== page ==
Posted by Baceseras on November 26, 2007
In Reply to: Re: Chew the rag posted by ESC on November 24, 2007
: : I heard when I was young that "chew the rag" came from black-powder rifle days when men sat around talking as they chewed the rags used for wadding a ball into the rifle. The material needed to be softened and lubricated to make starting the ball easier. I've actually done this way back when I used to shoot cap locks. Anyone else heard of this?
: That's a new theory. At least, to me. Here are others, from the archives:
: From the archives:
: CHEW THE FAT - "One guess is that this expression was originally a nautical one: Sailors working their jaws on the tough salt pork rationed out when supplies ran low constantly grumbled about their poor fare while literally chewing the fat." From "Encyclopedia of Word and Phrase Origins" by Robert Hendrickson (Facts on File, New York, 1997). Another reference says, ".'Rag (or fat) chewing' we have had since the early 1880's. It was then classed as American Army slang, in Patternson's 'Life in the Ranks.' To my notion, although either expression may have been adopted into army lingo, both are much more likely to have alluded to ladies' sewing circles - to the 'rags,' or cloth, upon which they worked while tongues clattered, or to the 'fat,' or choice morsels of gossip upon which they could feast." From "Heavens to Betsy!" by Charles Earle Funk (Harper & Row, New York, 1955).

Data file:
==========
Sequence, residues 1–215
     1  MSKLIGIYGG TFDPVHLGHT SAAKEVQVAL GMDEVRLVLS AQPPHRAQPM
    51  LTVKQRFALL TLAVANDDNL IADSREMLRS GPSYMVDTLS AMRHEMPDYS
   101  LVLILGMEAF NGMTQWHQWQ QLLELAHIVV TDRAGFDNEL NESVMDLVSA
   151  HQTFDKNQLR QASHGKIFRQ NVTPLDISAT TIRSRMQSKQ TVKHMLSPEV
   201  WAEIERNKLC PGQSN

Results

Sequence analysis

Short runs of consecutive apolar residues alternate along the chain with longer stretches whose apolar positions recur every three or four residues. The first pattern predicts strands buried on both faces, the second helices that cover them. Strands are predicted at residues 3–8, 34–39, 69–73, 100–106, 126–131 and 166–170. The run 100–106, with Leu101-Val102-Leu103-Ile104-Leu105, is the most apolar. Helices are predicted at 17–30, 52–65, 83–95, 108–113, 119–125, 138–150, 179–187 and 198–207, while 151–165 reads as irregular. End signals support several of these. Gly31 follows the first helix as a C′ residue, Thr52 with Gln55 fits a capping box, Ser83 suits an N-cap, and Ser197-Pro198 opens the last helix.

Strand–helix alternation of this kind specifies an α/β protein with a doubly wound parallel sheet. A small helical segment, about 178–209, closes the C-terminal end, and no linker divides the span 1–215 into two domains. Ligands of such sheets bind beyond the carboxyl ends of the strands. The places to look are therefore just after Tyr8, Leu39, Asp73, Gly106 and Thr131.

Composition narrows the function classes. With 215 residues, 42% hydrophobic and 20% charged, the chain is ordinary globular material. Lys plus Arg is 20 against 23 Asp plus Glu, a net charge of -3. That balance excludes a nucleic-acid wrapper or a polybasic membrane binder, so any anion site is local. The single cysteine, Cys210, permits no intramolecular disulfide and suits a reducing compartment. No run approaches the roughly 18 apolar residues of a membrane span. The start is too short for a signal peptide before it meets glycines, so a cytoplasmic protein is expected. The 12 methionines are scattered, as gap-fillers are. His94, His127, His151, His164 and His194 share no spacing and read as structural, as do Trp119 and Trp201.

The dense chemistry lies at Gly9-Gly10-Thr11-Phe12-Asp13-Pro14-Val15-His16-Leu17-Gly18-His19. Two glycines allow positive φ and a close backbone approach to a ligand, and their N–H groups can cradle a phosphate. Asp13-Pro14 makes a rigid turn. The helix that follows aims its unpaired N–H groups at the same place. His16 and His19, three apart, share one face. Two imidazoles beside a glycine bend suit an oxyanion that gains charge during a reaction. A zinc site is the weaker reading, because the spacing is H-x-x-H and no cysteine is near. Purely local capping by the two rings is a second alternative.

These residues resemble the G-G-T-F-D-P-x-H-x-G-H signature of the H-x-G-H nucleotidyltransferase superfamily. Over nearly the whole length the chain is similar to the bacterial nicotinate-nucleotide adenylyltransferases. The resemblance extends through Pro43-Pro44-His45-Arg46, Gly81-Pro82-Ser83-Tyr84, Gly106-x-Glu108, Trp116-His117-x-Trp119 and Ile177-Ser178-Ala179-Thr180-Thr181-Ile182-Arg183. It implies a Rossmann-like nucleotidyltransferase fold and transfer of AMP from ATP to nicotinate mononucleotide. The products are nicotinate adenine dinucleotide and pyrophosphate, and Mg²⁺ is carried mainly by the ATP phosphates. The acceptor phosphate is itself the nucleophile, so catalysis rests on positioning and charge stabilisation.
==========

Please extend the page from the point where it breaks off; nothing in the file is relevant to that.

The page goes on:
Doesn't it seem unlikely, though, that anyone could talk much while literally chewing rags or fat? I'm inclined to believe that the phrase arises from a witty comparison: persons engaged in idle conversation are saying nothing of importance, they're only working their jaws --- as when chewing the rag, or the fat.